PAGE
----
What pleased Lennon most about the performance against Inter Milan – themselves facing a tricky early start to their season when they face Hajduk Split in the Europa Cup third qualifying round on Thursday – was the fact his side have regained their power and creativity, if not their shooting boots.
"Saturday was very good," reflected Lennon.
"In terms of overall performance, that is as good as we have played since we came back from the close season.
"We created more chances in the game against Inter Milan than we did in any of the previous games in Germany and Holland or against Norwich, and that was very pleasing.
"To do that against opposition as good as Inter are, showed that we are progressing.
"While I was pleased with that, and the performance in general, we would like to be converting a few more chances.
"But at this stage of the year, I am pleased with the condition of the players and I'm pleased with the football I saw on Saturday."
Lennon concedes, however, that it will not be until the whistle is blown tomorrow night that he will know for certain how effective his pre-season planning has been.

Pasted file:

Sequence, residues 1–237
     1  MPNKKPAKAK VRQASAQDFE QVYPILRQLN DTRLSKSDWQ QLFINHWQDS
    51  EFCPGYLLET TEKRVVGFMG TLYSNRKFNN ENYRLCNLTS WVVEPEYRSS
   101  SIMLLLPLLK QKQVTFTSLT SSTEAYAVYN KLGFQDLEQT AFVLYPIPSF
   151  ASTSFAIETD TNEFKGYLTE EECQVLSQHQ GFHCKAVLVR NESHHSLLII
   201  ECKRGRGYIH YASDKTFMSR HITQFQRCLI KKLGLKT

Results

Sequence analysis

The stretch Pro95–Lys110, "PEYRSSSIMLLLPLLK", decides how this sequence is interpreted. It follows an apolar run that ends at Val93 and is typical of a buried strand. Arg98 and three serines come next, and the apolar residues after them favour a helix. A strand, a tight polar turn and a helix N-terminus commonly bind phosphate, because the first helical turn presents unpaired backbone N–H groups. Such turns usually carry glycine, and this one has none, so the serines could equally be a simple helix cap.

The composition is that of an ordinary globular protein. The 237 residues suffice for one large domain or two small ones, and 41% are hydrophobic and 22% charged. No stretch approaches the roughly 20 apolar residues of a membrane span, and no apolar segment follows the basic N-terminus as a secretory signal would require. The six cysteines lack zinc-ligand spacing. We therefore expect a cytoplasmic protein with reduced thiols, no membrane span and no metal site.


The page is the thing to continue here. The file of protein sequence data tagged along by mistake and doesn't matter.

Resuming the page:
"It's only when this game gets going that I will know for sure where we are," he said.
"They are going to come up against a well-motivated Helsinki team who are hungry and match-fit.
"Helsinki have a bit of confidence about them as well, after the way they got through against Reykjavik in the last round."
Not that the Finns have a exclusivity clause on confidence. Lennon trusts the players he has brought together over the course of the last two years and who brought the SPL title and the thunder back to Parkhead in May.
Nevertheless, there was a moment's hesitation when he was asked if this is the best squad he has taken into a European campaign.
"That's a good question," he replied, his normal quick-fire response put on hold while he considered previous years.
"I think, because they have been together for this length of time and are that bit more experienced now, it could be.